Two of our elderly folks in Clinton County this month narrowly escaped serious financial loss in scams, because some folks they encountered along the way put the brakes on what were runaway trains of fraud.
These cases are a very good lesson on why maybe we should pay attention to warnings from others, even when we donāt know them. Maybe itās not such a good idea to āalways listen to your heart.ā
What happened? Hereās the first story. An elderly retired contractor, Iāll call him Paul, received a letter from Canada. The letter writer identified himself as āa financial consultant and auditorā working for an insurance company. He wrote that he wanted to find an heir for a client who died overseas, and left an āunclaimed life insurance benefitā of $8.6 million. I suspect some of you have received a letter like this ā plenty of readers have shared them with me. This letter struck a nerve with Paul, because he recognized the name furnished for the deceased as a real cousin of his, whom he last saw in 1953 when they were small boys at a family reunion. Paul reached out to some of his extended family, and learned his cousin passed away several years ago, but with whereabouts unknown.
Paul corresponded with the Canadian āauditorā, who furnished Paul with an official-looking death certificate from England, and other documents. The auditor proposed he make the insurance claim look legal in exchange for 30 percent of the claim. And he wanted Paul to send almost $5,000, wiring it to a bank in England.
Well, gosh, all this sounded plausible to Paul, and he tried very hard to satisfy this demand. He tried sending the money through Moneygram. The agent told him āfraud ā weāre not sending itā. Paul went to his bank to wire the money. A bank officer told him the same thing ā and called me. I invited Paul to see me. He did, and after a long talk, he seemed persuaded someone tried to scam him.
In the second case, a rural Lost Nation widow came so, so close to losing $14,500 in the old reliable grandparent scam. This woman, and weāll call her Belle, got a call at 7:30 in the morning from someone who sounded like her grandson. The caller told her he rear-ended someone in Pennsylvania, and needed $14,500 to settle the accident out of court, otherwise he faced charges. The caller warned Belle not to tell anyone. Belle hustled to her bank and withdrew the money in cash. The bank officers warned her several times, but she refused to heed any advice from them. Belle received instructions from the āprosecutorā in Pennsylvania to package the cash in a shoebox, and await a visit from a UPS driver that afternoon. She needed to turn over the shoebox to the driver. Late in the afternoon, a UPS driver arrived. Very fortunately for Belle, the driver asked a couple of questions about the package delivery. Belle seemed flustered, causing the driver to ask more questions, finally pulling the whole story from Belle.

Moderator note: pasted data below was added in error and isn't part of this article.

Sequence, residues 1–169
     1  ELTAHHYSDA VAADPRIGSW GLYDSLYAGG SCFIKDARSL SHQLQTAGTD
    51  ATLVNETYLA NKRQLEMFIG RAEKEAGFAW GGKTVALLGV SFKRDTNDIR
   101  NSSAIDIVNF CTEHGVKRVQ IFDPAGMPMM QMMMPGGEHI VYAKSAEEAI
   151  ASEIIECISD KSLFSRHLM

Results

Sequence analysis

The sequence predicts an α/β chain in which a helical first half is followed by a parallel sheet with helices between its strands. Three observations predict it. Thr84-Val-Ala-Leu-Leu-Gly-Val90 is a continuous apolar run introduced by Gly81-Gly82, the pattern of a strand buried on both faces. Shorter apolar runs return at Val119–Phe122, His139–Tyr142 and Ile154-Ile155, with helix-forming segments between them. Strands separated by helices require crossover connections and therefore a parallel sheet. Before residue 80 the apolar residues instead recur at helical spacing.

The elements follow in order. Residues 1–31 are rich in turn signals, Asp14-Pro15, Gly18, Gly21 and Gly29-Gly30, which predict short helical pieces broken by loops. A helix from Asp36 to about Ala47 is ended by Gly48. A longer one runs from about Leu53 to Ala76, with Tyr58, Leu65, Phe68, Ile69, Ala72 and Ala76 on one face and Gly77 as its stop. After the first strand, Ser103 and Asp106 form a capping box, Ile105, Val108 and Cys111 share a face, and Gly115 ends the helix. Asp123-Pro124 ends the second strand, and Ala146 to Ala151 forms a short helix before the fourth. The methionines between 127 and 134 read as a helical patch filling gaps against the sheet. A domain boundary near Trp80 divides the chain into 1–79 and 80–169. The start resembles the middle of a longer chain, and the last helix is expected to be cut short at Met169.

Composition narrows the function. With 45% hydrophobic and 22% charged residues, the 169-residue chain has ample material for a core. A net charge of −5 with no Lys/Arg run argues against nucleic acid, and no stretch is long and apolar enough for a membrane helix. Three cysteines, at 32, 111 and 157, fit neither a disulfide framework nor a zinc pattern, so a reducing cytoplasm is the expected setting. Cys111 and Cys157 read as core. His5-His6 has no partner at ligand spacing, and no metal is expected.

The driver asked Belle to open the box and remove the cash, which she did. He took the box, and went back to his route. His intervention saved Belle a lot of money.
Belleās township in western Clinton County seems an attractive target for the grandparent scam crooks. In April 2017, another widow living less than three miles from Belle lost $8,000 under exactly the same circumstances, sending cash away with a FedEx driver.
Most of the crooks running scams prefer gift cards or wire transfer services to collect their loot, so to hear of one wanting cash is an outlier, but we do see it.
We can look at these cases from two perspectives. The first is to pay attention when your friends or the professionals you deal with in money transactions ask questions and warn you of danger ahead. The second perspective is to pay attention when you see someone else, a friend, client, or customer, who seems hell-bent on some oddball transaction. If it seems suspicious, donāt be afraid to speak up and warn someone. And you might need to be very direct in your warning, but thatās how the two folks I wrote about here avoided a big financial hit ā someone got involved.
CONTACT SENIORS VS. CRIME
Let me know about scams, fraud, or other crookedness you run across. Most of what I learn, I learn from you. Contact me at Seniors vs. Crime, Clinton County Sheriffās Office, at 242-9211, Ext. 4433, or email me at [email protected].
Randy Meier is the director of Seniors vs. Crime, which operates in conjunction with the Clinton County Sheriff’s Office.